Later: In Defense of Hobbies
Once again on the train bound for Picton, to catch the Interislander ferry to Wellington. I think this will be my last post for this trip, so I may try to sum up a few things. First and foremost I want to thank those of you who read along with me; knowing that there were at least a couple of regular readers made the writing more enjoyable, and helped keep me to the daily discipline of posting something, which in turn helped establish a sort of rhythm for the trip.
I have called this my last trip to the South Pole and have tried to treat it that way. Helping to hunt for neutrinos in Antarctica has perhaps been my life’s biggest adventure, and it certainly is bittersweet to say goodbye to it these past few days, thinking of each step of my northbound journey as the last repetition of a pattern established over years. Of course it is a fact that as long as life continues one doesn’t know where one will wind up — just as one never knows if the time one spends with a friend will be the last time or not (and, in fact, every time is unique, never to be repeated, whether you notice or not), I can’t say for certain whether or not I will ever go back to the Pole. There will be other projects on the Ice and I could see myself involved with those. Also, IceCube will hopefully run another 15-20 years and they will be sending people every year, and while I’m not sure I’ll be needed on the Ice I certainly wouldn’t rule out helping if asked. But with the completion of IceCube’s construction and the diminished likelihood of further trips, it seems appropriate to let the place go in my mind. I feel that this is a time in my life to start to let go of certain things, to let things fall away and see what takes their place.
I remembered a sentence from Rudolf Steiner, … that when something ends, we must think that something begins. His advice is salutary, but the execution difficult, for we only know what we have lost, not what we will gain. We have a very precise image — an image at times shameless — of what we have lost, but we are ignorant of what may follow or replace it. — Jorge Luis Borges, Seven Nights
I wrote previously of success or Fruition, and tried to give a sense of the excitement of putting a capstone on a body of work, related not just to this two-week trip but to a decade or even half a lifetime of work. Now I want to think for a moment about more mundane challenges of the trip.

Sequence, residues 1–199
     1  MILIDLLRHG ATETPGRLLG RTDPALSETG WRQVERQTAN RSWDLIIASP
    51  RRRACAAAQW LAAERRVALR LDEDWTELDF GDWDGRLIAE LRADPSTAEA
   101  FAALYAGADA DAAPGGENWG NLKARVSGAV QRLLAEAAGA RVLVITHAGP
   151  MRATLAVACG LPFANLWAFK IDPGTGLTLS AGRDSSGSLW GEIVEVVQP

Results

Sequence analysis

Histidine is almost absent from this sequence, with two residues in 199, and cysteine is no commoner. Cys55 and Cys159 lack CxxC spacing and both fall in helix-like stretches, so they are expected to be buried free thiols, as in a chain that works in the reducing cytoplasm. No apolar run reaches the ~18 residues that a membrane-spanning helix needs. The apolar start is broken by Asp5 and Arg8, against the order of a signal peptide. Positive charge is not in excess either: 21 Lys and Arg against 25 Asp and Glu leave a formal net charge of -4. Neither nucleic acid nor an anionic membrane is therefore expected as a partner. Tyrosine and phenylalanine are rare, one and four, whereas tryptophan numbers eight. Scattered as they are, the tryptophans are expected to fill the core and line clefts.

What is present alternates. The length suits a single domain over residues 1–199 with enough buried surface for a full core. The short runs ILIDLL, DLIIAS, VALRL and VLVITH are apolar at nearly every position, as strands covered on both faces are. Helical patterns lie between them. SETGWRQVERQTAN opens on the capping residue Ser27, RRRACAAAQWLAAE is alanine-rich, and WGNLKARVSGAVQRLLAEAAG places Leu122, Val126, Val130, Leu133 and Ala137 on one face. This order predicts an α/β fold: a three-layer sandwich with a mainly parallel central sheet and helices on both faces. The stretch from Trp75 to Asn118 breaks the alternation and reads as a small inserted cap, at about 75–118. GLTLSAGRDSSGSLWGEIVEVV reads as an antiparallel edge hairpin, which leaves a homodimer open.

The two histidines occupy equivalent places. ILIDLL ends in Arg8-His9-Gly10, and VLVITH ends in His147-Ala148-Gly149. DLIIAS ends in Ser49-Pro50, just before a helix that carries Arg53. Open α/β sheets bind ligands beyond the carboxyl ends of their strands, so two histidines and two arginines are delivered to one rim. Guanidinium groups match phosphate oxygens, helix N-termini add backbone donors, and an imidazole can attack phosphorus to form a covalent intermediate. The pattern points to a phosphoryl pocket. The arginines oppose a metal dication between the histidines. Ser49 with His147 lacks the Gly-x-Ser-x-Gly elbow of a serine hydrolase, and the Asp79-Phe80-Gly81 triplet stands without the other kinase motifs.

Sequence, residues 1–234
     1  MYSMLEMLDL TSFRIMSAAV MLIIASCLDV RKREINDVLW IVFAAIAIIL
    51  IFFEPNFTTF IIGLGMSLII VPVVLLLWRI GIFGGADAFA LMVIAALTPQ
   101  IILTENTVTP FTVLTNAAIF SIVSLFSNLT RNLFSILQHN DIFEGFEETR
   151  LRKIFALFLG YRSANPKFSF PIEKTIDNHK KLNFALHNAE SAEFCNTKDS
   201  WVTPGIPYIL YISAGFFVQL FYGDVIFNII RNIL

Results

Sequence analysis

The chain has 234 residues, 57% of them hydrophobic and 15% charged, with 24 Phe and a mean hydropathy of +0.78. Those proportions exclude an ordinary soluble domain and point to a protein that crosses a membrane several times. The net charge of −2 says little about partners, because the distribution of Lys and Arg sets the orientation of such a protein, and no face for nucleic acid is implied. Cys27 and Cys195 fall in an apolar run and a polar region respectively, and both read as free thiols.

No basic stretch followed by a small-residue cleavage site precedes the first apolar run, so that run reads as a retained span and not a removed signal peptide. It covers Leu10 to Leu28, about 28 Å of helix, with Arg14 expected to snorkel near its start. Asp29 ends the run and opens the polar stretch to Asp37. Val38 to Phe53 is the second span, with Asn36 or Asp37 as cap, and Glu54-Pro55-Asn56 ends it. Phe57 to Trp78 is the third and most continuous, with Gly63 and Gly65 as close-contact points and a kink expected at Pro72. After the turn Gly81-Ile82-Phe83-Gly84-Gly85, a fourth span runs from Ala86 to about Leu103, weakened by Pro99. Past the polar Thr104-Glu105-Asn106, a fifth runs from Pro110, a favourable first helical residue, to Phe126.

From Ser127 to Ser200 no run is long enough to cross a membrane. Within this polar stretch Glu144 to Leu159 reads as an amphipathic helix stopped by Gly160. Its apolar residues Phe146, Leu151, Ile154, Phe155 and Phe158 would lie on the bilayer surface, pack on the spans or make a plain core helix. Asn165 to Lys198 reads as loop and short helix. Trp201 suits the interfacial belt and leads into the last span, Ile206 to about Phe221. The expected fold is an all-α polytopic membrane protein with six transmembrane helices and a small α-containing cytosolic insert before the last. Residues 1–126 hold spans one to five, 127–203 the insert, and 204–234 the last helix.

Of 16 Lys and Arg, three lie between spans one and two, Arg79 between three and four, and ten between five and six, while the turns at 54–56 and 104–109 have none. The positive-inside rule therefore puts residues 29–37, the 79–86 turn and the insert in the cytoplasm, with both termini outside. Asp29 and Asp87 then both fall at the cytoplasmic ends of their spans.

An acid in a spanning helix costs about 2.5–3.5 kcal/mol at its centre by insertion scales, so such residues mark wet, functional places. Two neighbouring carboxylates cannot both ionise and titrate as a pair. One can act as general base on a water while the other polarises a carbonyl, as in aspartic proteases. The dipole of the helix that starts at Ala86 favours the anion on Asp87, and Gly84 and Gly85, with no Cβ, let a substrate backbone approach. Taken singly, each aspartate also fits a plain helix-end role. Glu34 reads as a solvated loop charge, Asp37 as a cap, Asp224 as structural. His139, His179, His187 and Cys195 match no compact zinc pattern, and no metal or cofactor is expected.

Towards the end of last year I got onto a sort of minimalism kick, reading books and blogs on living simply and thinking about what sorts of things I could give away or live without. The idea of paring down, eliminating distractions and noise, multitasking less, and focusing more on what matters, appeals lately. Of course traveling always helps to encourage a certain minimalism. Going to the actual Ends of the Earth, living out of two bags in a room no wider than my wingspan and not a lot longer, living with four minutes of shower time a week, not having to (or being able to) cook for myself, having no Internet for most of the day … this level of enforced minimalism is something I have enjoyed in the past, but it seemed this time to throw into relief the three choices available at any given time. These were: to distract myself with work (for there was always more work to do, always someone to help or a question to answer or a test to run, even before considering the ever-present backlog of pending software fixes and upgrades); to distract myself with play (movies, books, socializing, blogging, photography, games, …) or, often less appealing, to just stop and be where I was: at the Pole; short of sleep; too hot or too cold; irritated by all the noise; worried about this or that; chapped or bleeding in various places because of the dryness; bad hair; missing fresh fruit and veggies; and generally being out of sorts at the Bottom of the World.
“This year I would like to set one goal, which is to be as fully awake and alert to the entire experience as I can.” Though there vivid and joyful moments, many of which involved stopping and just looking out at the lovely white waste, or moments of fellowship with colleagues, a shared laugh or the ordinary pleasure of lining up for food in the Galley, being awake often meant taking stock of just how uncomfortable I was and how I was searching for the next distraction. Having “awake” as a goal meant bumping against that over and over again, and confronting my resistance to whatever was going on. Perhaps by occasionally noticing, I wore a small nub off of that great ball of resistance.
My Antarctica has been:
- The first acid bite of wind on my face after getting out of the plane after the flight to the South Pole
- The smell of SimpleGreen™ used to mop the floors and clean the waterless urinals
- Workouts in various gyms in the old and new stations
- The hisses and rumbles of a hundred invisible machines inside and outside — heaters, generators, snow tractors, skidoos, Hercs
- The metallic crunch of half-ton doors closing, and steps on metal stairs
- Stash tea: licorice spice
- The sound of the flags flapping from the platform above Destination Alpha
- Having noisy neighbors, and (probably) being one
- Carrying a radio instead of a cell phone
- Music: David Bowie, “Outside” (1998); Soundtrack to “Pi” (2000); Kris’s 7-CD mix (2009); the fellow playing guitar down by the gym (2011).
“Everybody has his own Antarctica.” —Thomas Pynchon, V
I say goodbye to mine.
Thanks again for reading. I plan to keep posting pictures for awhile since I haven’t gone through all 2500 of them and because I’m still taking a lot here in New Zealand.
Later: In Defense of Hobbies